Like many of you, I’m home for the holidays. Though most of my family has dispersed and now lives in different states, my dad is still in the Chicagoland area. And my bedroom in his house -- which I decorated with hot pink paint and "Fight Club" posters as a teenager -- remains pretty much intact. (I think he’s having a hard time letting go.)
Between bouts of binge-watching every reality show on Bravo and stuffing myself with junk food he's stockpiled for my homecoming, I notice myself mysteriously regress when I’m here.
See: Feeling an overwhelming compulsion to smoke weed from a makeshift apple bong out of my bedroom window (sorry, Pops), poring over my old, melodramatic diaries to see if there’s anything interesting to extract for a story (there’s not), and texting the guy I dated when I was 15 to ask if he wants to meet up in the field behind my house to walk to the corner store.
Thrilling, I know.
It’s been over seven years since I lived with my parents. Other than when I’m here, I never think about my life prior to adulthood.
My memory is a bit shot, anyway. (Marijuana?)
There are, however, a few products I use habitually now that always induce acid-like flashbacks to my years as a wee one:
I swapped out my old dry shampoo for Batiste’s spray after hearing Mary Lambert’s makeup artist rave about it. It’s available at most drugstores, is inexpensive, and never leaves a chalky residue or makes my hair sticky. It also smells like a My Little Pony from the ’90s.
I’ve referenced this scent repeatedly, and it’s usually met with an uneasy laugh. If you had a bunch of these weirdo figurines stashed in a Rubbermaid, as yours truly did, you MUST remember it: It’s a bit fruity, with a faint, plastic smell.
This might sound rancid, but the pungency of the dry shampoo wears off soon after you spray it on, I swear.
Smell and memory are closely linked (or, olfactory memory). The olfactory bulb, responsible for our sense of smell, is located in the brain’s limbic system, an area that’s associated with memories and emotions. That’s why anything Cucumber Melon from Bath & Body Works most likely stirs up repressed memories of your best friend soaking herself in the spray when she got back from smoking cigarettes in the soccer fields in high school. Mmm-mm.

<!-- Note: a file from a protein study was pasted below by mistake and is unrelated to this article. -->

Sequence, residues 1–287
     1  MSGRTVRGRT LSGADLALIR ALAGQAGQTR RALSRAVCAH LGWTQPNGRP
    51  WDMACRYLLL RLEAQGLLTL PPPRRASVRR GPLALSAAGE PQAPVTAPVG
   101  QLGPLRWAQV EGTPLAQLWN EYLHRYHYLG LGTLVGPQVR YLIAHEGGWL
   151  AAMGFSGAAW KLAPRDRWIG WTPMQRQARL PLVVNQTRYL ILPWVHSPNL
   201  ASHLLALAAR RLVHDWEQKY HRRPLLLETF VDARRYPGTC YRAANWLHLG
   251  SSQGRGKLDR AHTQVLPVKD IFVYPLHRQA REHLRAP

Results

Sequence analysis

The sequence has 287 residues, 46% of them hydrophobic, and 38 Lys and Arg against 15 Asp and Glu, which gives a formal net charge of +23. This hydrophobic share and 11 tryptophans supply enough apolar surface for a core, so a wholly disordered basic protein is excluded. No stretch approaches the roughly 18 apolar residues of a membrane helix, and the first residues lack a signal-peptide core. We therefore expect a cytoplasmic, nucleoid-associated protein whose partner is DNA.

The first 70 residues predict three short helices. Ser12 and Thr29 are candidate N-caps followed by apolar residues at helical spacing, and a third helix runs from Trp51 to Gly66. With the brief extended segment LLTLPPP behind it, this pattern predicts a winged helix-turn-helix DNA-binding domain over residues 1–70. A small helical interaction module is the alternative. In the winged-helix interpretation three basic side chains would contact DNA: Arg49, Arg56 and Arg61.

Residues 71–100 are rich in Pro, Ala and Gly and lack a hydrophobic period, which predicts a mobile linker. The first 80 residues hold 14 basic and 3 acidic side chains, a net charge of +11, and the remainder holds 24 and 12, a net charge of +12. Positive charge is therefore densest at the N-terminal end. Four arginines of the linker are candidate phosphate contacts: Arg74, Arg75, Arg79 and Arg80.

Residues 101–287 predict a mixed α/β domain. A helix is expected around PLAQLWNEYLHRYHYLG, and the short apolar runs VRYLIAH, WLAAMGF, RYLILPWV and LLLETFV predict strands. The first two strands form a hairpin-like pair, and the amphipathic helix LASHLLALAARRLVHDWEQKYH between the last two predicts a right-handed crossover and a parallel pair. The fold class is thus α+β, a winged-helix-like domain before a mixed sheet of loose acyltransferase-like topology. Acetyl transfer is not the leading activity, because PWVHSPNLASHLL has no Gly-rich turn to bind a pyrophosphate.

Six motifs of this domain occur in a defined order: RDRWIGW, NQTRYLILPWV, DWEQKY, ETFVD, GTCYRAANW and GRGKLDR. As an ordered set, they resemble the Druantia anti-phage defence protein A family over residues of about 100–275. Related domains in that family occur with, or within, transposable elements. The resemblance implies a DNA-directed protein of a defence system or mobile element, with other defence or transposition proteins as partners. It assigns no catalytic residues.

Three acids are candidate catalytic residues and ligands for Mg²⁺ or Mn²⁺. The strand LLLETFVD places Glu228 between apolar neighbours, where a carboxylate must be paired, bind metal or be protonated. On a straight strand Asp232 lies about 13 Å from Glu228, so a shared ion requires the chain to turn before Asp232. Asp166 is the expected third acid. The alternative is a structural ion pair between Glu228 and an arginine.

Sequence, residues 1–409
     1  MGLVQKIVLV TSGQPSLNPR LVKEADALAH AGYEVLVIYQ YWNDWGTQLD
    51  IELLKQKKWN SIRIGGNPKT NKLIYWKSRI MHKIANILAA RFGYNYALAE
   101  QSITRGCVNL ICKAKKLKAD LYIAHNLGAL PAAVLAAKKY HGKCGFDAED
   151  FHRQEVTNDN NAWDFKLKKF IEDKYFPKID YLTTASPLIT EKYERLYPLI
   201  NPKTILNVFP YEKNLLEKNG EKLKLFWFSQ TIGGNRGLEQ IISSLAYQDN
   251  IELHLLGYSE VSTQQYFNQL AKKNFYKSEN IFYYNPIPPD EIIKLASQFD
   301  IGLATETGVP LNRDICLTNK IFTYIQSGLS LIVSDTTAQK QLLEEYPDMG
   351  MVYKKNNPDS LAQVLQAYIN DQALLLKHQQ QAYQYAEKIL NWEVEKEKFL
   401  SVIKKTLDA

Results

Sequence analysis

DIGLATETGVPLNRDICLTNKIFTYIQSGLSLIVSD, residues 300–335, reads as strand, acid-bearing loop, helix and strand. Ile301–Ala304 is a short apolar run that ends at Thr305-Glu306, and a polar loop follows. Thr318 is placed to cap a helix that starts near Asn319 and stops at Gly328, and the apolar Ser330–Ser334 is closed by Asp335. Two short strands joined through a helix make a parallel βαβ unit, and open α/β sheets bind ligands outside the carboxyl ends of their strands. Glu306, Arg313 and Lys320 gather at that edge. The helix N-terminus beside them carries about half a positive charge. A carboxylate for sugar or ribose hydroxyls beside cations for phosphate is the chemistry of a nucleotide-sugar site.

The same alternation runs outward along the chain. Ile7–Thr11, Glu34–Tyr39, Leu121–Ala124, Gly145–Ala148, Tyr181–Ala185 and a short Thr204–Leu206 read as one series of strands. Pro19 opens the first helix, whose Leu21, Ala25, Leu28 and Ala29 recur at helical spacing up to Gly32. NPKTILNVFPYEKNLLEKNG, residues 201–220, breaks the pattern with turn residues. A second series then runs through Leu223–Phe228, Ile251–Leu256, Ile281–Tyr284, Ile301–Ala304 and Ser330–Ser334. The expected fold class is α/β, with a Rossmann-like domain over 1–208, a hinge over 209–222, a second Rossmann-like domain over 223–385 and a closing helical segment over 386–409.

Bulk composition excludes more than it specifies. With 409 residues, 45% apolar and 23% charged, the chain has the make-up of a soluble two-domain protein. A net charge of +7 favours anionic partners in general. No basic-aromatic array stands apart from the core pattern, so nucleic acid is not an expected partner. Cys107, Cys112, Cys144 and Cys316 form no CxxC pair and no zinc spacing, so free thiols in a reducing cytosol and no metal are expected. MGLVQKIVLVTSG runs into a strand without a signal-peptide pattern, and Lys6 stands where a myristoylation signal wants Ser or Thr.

R.I.P., Limited Too. Also, BYE, and thanks for not lasting that long, Club Libby Lu. Sure, your tubs of “fairy dust” (or, glitter) were rad. Other than that, your makeovers marketed specifically to pre-teens totally freaked me out.
I used to think glitter was only appropriate for 12-year-olds and gay pride parades. Then I started watching "Nashville," which is full of big hair, drama, and sparkly things, so I decided to give the shimmery stuff another go.
Urban Decay's black-and-silver glitter eyeliner from the "Pulp Fiction" collection starts off subtle with the first application. You can build up how sparkly you want your makeup to be -- a nice option for those currently afraid of pre-teen girls' stores and 17-year-olds at the mall trying to cover them in fairy dust. I like to layer it over my regular black liquid eyeliner, for a look that says, "I party! And am kind of a priss."
Unlike the last two picks, I’ve been using this product for over 10 years. These eye drops should be available at most drugstores. However, they tend to be either sold out or locked up, as any good pothead knows they are THE BEST at getting rid of red eyes -- and they’re a little pricier than other brands. (And thus, get thieved by those damn youths!)
Whether you’ve had a late night, having been sobbing your face off, or, whatever, are smoking a spliff, Rohto’s are amazing at getting rid of redness, quickly. A forewarning that most people think they sting. A few drops feel like a menthol-blast to your glazzies. But keep in mind, you will survive, with white, clear eyes.
Your turn! What products do you use now that bring you back to your awkward youth years? Or what beauty wares did you use that you wish would make a comeback -- or that you want to stay in the past FOREVER?
Mine would be butterfly clips. The idea of bugs in my hair makes me want to vomit.
Frosted lipstick, though: Yes, always. I would’ve been all over Buxom’s Lip Full-on Lip Cream in White Russian ($19) if I were a cool teen and not the editor in chief of the literary magazine.
Also pale yellow eye shadow. I miss being 13 and not knowing any better (sort of).
Talk to me on Twitter: @caitlinthornton